of final agency action.32
Plaintiff timely appealed the administrative decision to the EEOC Office of
Federal Operations,33 and the EEOC affirmed the dismissal of his administrative
complaint by written decision dated April 5, 2011.34 The EEOC’s appeal decision
informed plaintiff that he had the right to request reconsideration within thirty days
See Defendant’s Exhibit 7.
Id. at 1-2.
Id. at 3-4.
Id. at 4-5.
See Defendant’s Exhibit 8 (April 5, 2011 decision of the EEOC), at 1 (“Complainant filed
a timely appeal with this Commission from the Agency’s decision dated December 21, 2009,
dismissing his complaint of unlawful employment discrimination in violation of Title VII of the
Civil Rights Act of 1964 (Title VII), as amended, 42 U.S.C. § 2000e et seq. and Section 501 of the
Rehabilitation Act of 1973 (Rehabilitation Act), as amended, 29 U.S.C. § 792 et seq.”).
Defendant’s Exhibit 8.
of receiving the decision, and the right to right to file a civil action in a United States
District Court within ninety days of receiving the decision.35
During some of the same time period when the appeal from his termination
decision was being processed, plaintiff also pursued a worker’s compensation claim
for an on-the-job injury he received in June of 2008. Plaintiff’s claim initially was
denied, and he filed an Appeal Request Form, requesting an appeal by oral hearing,
on August 6, 2008.36 Plaintiff subsequently received a letter from the United States
Department of Labor Employment Standards Administration Office of Workers’
Comp Programs.37 The letter does not bear an official date, but it appears as though
the date May 14, 2009 has been rubber-stamped onto the letter.38 The letter stated
that a hearing had been held on February 18, 2009, after which it was decided that the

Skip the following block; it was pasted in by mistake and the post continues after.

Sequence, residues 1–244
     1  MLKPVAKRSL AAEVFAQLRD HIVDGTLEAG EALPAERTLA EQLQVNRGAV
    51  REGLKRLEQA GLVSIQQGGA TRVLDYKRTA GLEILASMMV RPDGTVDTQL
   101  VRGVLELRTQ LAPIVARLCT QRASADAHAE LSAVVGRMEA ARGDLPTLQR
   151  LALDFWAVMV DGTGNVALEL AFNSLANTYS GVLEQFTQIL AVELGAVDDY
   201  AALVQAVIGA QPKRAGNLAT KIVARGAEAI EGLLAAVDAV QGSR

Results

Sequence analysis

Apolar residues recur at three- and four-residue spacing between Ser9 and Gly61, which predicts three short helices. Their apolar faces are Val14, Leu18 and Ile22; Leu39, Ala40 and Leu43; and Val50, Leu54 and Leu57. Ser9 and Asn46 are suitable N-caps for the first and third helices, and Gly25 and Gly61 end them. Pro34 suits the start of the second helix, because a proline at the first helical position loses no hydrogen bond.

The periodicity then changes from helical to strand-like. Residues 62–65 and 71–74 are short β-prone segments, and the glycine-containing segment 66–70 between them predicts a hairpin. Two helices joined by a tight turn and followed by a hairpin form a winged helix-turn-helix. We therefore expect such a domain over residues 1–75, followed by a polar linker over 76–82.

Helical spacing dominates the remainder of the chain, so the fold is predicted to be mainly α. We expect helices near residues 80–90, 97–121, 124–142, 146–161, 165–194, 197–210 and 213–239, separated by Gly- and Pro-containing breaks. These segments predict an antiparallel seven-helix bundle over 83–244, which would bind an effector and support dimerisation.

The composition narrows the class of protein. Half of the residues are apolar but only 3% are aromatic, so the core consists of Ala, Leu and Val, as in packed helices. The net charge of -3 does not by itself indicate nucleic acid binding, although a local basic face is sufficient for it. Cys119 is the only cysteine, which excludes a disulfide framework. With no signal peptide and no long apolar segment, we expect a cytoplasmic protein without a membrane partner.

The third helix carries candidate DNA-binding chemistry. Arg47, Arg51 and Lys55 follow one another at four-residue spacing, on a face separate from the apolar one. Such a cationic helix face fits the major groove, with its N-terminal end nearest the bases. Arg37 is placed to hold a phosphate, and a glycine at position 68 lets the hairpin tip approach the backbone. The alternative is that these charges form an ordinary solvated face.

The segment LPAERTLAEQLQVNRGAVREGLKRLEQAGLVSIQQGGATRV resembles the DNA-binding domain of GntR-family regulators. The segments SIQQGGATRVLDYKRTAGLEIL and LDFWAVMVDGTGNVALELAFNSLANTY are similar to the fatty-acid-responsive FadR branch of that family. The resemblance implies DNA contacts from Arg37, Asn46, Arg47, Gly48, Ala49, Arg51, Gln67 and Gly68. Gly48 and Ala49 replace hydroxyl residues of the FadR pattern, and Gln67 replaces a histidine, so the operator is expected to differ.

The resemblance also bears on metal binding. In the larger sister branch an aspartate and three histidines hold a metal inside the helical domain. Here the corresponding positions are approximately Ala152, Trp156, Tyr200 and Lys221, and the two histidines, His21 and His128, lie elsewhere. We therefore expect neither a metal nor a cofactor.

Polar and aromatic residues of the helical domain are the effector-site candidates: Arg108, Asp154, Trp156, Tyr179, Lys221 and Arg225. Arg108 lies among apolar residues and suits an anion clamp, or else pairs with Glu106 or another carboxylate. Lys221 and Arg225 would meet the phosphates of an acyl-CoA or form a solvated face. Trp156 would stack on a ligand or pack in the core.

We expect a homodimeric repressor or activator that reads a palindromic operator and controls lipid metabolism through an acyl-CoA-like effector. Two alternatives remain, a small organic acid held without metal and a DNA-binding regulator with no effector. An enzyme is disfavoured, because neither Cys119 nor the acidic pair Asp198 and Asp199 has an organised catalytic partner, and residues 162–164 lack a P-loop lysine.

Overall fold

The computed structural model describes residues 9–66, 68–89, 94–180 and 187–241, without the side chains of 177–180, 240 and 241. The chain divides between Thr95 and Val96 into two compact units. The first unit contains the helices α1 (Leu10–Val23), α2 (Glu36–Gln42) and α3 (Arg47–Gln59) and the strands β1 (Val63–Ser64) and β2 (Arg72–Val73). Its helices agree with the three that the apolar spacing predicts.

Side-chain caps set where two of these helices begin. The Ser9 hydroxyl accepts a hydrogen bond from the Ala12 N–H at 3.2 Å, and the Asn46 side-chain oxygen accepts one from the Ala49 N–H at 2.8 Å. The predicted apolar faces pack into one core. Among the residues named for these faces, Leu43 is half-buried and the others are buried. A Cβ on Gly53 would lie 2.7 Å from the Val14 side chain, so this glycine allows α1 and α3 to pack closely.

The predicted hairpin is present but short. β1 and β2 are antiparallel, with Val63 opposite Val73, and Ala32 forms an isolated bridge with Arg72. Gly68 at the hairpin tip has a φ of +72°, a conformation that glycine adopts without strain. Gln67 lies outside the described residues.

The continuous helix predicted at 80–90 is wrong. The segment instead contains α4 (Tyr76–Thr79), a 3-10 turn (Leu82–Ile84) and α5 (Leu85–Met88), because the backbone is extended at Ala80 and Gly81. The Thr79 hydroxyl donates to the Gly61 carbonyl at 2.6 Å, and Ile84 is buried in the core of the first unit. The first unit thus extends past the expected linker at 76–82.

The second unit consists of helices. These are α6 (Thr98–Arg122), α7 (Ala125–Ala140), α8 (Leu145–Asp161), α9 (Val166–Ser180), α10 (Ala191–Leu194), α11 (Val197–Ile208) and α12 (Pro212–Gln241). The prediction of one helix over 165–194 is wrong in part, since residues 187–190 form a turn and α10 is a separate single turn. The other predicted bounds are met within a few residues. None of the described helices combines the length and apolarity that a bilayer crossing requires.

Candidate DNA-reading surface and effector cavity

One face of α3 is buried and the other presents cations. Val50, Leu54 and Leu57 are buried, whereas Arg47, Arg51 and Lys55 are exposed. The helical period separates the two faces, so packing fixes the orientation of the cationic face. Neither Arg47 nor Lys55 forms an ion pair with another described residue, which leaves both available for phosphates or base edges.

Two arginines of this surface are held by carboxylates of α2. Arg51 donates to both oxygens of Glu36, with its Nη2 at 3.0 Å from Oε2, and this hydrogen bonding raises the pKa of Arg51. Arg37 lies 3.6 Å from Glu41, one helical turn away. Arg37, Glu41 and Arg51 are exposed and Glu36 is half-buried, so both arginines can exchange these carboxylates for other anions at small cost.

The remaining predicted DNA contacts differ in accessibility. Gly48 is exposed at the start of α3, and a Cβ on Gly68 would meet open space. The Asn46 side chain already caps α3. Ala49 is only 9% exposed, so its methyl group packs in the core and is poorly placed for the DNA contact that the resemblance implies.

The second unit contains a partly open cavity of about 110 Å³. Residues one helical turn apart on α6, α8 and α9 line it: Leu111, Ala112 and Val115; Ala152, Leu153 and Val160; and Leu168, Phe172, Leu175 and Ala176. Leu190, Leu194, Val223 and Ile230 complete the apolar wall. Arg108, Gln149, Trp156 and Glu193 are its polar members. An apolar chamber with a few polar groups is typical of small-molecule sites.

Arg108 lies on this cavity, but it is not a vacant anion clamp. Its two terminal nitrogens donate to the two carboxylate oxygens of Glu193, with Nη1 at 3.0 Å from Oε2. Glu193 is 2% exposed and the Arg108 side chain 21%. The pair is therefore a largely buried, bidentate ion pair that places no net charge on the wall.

decision to deny plaintiff’s worker’s compensation benefits should be reversed. The
letter referenced an attached hearing decision, but plaintiff did not make that decision
a part of this court’s record.39
Plaintiff also received a Notification of Personnel Action that had been
Id. at 2-3.
Plaintiff’s Exhibit 1 (Appeal Request Form).
Plaintiff’s Exhibit 3.
Id. at 1.
processed by the United States Postal Service on May 19, 2009.40 The document bore
plaintiff’s name and personal information, and in the top left-hand corner, it stated an
“effective date” of May 13, 2009.41 At the bottom left of the page, under the heading
“Nature of Personnel Action,” the description of the personnel action was
“removal.”42 There also was an indication on the form that plaintiff’s “last day in pay
status” was October 20, 2008.43
Defendant asserts that summary judgment is due to be granted on all of
plaintiff’s claims because plaintiff failed to fully exhaust his administrative remedies
prior to filing suit. “A federal employee must pursue and exhaust [his] administrative
remedies as a jurisdictional prerequisite to filing a Title VII action.” Crawford v.
Babbitt, 186 F.3d 1322, 1326 (11th Cir. 1999) (citing Brown v. General Services
Administration, 425 U.S. 820, 832-33 (1976)) (alteration supplied).
Before an aggrieved [federal] employee may seek relief through
the filing of a civil action in federal court, [Title VII] requires that he or
she must first seek relief in the agency that has allegedly engaged in
discrimination. Brown v. GSA, 425 U.S. at 832 . . . . This requirement
is not a technicality; “[r]ather, it is part and parcel of the congressional
design to vest in the federal agencies and officials engaged in hiring and
Plaintiff’s Exhibit 4.
Id. at 1.
promoting personnel ‘primary responsibility’ for maintaining
nondiscrimination in employment.” Kizas v. Webster, 707 F.2d 524,
544 (D.C. Cir. 1983).
Grier v. Secretary of the Army, 799 F.2d 721, 724 (11th Cir. 1986) (alterations in